BERGEN: Well, certainly it's a bigger threat in Europe. I mean, the numbers of Americans who have believed to have tried to go to Syria to fight or have actually gone is a hundred. Not all of them have joined the Islamic State or - and in fact, the government's not really clear which groups they may have joined because it's also, you know, obscure in Syria right now. But, you know, we've certainly seen, you know, 450 British citizens go to Syria. Of course, James Foley's murderer is British. And this is a, you know, obviously some pretty radical people. They do have passports that allowed them to come to United States without getting a visa or, you know, sit down interview with an American consular official. And that is - that's an issue.
But so far, we've only seen one attack in the west, attributable to a veteran of the Syrian jihad, which was the attack in late May at the Jewish Museum in Brussels, which killed four people. So, you know, it's a problem, but is it existential? No. Does it threaten Europe a lot more than United States? Yes. And I don't think there's much to be gained by sort of, you know, saying this is - the sky is falling when the sky isn't falling.
SIMON: Let me ask you. This administration has gone to court against reporters for leaking information. In your judgment, should they be speaking even guardedly about the details of what apparently was a failed rescue mission?
BERGEN: You know, I'm somewhat familiar about how that story came about. And, you know, The Washington Post certainly was on to it. And I had heard about the rescue mission before it was publically reported from various people who were in a position to know. And it was one of those things where the story was going to come out. The question was, was the Obama administration able to control it to some degree? And I think that maybe, you know, the decision was - the story is coming out. We need to take possession of it. And I don't think there's any reason to Monday morning quarterback that decision.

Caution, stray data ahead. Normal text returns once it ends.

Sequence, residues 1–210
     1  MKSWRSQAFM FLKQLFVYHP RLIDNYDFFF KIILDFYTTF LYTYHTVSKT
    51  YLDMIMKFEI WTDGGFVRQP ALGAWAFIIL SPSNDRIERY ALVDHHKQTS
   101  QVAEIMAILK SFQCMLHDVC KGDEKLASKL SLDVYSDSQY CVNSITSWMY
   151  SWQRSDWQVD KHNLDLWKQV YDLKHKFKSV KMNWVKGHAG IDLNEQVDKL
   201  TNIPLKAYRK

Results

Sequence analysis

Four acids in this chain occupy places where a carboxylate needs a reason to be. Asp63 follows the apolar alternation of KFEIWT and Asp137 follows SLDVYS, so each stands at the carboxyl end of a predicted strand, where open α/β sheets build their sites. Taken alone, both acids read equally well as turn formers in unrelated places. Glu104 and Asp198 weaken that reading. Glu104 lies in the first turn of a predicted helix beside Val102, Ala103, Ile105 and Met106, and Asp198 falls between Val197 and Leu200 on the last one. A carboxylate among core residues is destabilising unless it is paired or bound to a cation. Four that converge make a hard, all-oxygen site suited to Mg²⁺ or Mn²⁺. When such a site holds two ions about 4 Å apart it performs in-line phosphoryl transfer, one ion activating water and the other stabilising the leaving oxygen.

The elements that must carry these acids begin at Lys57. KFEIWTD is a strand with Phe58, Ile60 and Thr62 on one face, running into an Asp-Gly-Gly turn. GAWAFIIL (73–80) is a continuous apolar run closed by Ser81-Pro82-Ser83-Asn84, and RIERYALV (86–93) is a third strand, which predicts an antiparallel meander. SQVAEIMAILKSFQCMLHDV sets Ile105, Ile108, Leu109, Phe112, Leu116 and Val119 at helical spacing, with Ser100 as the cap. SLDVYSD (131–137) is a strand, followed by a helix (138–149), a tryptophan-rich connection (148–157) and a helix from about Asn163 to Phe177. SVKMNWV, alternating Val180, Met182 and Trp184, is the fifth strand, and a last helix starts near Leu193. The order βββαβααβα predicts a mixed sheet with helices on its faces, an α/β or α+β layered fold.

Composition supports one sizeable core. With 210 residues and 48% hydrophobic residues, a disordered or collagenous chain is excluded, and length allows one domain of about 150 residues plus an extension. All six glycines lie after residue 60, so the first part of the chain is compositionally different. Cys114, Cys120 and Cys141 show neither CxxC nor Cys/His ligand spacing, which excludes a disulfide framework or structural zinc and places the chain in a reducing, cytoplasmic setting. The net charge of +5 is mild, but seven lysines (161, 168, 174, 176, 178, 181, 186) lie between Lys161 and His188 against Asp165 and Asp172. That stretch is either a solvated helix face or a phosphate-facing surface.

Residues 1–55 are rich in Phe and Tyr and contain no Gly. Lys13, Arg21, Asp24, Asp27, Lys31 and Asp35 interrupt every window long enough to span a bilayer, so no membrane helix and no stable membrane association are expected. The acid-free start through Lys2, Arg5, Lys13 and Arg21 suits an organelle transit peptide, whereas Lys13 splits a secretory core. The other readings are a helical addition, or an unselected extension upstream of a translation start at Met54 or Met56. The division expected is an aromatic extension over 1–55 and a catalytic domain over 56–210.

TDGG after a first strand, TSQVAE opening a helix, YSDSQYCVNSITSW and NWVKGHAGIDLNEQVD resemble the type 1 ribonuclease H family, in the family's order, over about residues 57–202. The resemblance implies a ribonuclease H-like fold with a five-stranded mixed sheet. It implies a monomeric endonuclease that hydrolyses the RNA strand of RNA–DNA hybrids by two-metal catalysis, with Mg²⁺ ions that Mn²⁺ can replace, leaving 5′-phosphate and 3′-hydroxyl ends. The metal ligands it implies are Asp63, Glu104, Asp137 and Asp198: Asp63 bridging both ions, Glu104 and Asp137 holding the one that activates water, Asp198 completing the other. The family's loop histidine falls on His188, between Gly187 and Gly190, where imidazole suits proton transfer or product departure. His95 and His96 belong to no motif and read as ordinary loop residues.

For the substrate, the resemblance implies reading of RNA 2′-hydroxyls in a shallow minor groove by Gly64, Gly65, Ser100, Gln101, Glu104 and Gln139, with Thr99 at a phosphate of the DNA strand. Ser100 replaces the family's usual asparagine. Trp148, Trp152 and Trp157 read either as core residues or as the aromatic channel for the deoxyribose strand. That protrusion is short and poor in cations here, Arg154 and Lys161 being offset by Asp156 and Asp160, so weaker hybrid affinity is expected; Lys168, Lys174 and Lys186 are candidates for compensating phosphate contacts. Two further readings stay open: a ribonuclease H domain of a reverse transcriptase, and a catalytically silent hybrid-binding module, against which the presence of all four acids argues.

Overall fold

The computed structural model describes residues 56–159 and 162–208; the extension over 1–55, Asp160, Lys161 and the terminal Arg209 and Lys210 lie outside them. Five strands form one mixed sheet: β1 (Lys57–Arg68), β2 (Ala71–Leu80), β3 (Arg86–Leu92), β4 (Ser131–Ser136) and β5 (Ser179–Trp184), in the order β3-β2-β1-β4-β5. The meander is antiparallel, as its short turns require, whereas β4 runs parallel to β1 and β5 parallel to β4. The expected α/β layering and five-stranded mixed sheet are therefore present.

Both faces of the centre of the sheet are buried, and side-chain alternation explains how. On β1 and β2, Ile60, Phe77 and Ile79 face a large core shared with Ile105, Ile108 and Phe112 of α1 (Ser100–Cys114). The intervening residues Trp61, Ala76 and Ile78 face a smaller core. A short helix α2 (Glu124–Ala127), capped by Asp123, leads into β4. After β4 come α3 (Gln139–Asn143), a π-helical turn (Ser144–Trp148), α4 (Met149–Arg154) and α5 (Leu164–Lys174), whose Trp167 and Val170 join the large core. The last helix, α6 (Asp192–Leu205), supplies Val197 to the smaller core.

SIMON: And let me ask you this - obviously, airstrikes are going to continue against the Islamic State in Iraq. The reports today say that they might be expanded to Syria. When the administration indicates that no commitment of ground troops will ever be necessary, if on the one hand they've identified the Islamic State as a pernicious danger, should they rule out anything?
BERGEN: Well, you know, it's a political decision. And, I mean, the fact is that there are American soldiers in Iraq already and the embassy's asked for 300 more. So, you know, whether you call those advisers or however you call them, at the end of the day they are U.S. soldiers. So, you know, I don't think, you know, the administration is ruling out, you know - I think, large forces on the ground, but it is not ruling out - I mean, we've had special operations go into whether Yazidis were on the mountain to check out what the situation is. I mean, there are American ground forces in Iraq, however you want to call them. If you want to call them advisers as a sort of euphemism, that's fine. But the fact is, there are already boots on the ground.
SIMON: Peter Bergen, national security analyst for CNN. Thanks so much for speaking with us today.
BERGEN: Thank you. Transcript provided by NPR, Copyright NPR.